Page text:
Tables: Yes, I know – this is basic stuff, but it actually tripped me up a lot. A data table is a number of columns and rows with individual fields of data. Think your typical spreadsheet. Tables show individual fields, or values, in a cross tab – X and Y axis.

Tableau Data Field – Each column of data from a table is a field

You cannot modify the source data with Tableau – including the name. However, you can change the metadata – name displayed, hide data from the view, organize in folders, .

Tableau Workbooks and Sheets are:

Worksheets – Build views of data by dragging and dropping on shelves.

Dashboard – Several views (worksheets) combined to present or monitor.

Story – A sequence of work sheets or dashboards used to tell a story and convey pertinent information.

Types of Layers in Tableau – New Data Modeling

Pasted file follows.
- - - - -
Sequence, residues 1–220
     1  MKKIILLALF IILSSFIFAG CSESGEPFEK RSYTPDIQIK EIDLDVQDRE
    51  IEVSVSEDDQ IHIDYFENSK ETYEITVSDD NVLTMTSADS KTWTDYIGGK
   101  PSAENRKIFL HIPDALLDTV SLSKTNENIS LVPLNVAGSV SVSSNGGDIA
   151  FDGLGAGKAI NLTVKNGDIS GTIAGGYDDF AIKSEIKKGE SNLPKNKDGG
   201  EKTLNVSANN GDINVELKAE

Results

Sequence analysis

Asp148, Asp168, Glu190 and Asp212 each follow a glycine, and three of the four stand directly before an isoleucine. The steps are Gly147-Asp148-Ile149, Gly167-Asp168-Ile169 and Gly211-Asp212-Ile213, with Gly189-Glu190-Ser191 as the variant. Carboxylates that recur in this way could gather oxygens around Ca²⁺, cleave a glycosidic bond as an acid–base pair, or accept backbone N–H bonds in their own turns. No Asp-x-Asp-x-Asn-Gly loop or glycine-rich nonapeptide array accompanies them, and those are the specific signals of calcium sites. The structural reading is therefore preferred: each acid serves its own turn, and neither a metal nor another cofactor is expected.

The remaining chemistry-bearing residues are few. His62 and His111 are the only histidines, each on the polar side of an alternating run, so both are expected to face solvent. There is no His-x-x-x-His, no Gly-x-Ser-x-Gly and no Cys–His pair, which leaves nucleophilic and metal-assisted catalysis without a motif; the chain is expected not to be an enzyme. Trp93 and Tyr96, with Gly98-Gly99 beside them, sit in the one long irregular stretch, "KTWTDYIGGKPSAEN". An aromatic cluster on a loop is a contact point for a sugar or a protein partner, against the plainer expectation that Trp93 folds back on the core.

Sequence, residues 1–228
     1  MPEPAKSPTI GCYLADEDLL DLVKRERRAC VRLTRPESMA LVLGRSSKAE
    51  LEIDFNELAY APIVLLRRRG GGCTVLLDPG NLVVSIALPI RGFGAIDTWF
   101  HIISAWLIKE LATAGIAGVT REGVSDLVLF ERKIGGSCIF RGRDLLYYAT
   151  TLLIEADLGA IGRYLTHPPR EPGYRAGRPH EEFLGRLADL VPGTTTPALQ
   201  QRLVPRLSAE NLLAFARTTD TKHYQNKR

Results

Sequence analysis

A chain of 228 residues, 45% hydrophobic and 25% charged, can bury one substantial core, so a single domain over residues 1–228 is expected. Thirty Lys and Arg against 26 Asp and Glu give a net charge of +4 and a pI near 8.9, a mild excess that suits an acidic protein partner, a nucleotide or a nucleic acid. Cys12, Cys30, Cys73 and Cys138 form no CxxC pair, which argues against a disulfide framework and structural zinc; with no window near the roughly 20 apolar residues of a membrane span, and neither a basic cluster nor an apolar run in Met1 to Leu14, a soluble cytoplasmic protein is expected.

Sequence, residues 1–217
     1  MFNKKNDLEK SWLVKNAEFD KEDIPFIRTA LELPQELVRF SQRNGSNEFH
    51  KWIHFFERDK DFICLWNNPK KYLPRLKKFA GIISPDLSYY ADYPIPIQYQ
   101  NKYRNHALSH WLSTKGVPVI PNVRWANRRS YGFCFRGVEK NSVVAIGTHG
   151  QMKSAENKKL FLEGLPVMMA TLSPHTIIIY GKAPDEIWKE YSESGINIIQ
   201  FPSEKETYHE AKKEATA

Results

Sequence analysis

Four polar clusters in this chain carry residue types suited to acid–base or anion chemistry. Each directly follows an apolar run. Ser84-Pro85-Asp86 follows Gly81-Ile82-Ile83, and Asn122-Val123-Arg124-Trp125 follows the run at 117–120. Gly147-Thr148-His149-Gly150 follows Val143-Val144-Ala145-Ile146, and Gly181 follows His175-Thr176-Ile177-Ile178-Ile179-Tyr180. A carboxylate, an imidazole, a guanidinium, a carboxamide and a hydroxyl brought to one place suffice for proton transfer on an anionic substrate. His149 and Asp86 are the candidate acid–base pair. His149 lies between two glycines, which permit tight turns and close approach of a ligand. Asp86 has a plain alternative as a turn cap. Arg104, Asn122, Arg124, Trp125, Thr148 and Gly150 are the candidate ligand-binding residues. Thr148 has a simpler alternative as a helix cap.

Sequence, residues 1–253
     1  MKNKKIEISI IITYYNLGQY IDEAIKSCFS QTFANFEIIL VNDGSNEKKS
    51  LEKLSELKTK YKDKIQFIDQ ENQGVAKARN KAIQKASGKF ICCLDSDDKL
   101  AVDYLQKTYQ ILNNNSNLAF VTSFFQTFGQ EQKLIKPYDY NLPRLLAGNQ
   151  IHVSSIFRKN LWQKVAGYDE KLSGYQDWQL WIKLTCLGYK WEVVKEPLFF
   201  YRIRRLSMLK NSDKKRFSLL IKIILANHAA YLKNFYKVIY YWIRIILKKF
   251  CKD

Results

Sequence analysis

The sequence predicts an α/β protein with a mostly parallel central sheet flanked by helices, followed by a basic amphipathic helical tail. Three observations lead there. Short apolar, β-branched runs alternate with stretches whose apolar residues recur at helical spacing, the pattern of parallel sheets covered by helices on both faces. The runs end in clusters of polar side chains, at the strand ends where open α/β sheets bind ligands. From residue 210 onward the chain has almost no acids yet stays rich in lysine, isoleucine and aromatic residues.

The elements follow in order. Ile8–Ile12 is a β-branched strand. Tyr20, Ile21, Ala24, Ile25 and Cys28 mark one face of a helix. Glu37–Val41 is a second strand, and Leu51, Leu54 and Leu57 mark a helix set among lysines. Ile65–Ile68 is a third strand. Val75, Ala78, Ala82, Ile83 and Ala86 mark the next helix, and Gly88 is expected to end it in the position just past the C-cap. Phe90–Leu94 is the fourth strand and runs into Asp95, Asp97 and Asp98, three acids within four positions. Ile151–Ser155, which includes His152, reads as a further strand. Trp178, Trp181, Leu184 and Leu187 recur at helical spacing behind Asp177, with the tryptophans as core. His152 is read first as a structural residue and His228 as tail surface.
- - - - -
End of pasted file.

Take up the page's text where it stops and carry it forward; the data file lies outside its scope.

Data is organized differently in Tableau now, starting with Tableau 2020.2 – data sources come in two different layers.

Physical Tables remain distinct.

Logical Tables are merged into a single, flat table. You must use relationships between two logical tables. You can only use joins with physical tables physical tables if contained in a logical table.

Types of Data Files in Tableau

Dimension – Independent variable field, produces headers when put into rows or column shelves. Qualitative, categorical data by default – dimension.

Measure – Dependent Variable, numerical, quantitative value dependent on one or more values.

Green Pill in Tableau – continuous field, Created the Axes

Blue Pill – Discrete, Dimensions

Meta Data – you can make edits from the Data Grid

Types of Tableau Files:

.tbwx file – Tableau Packaged  Workbook: complete Tableau file containing workbook and all external data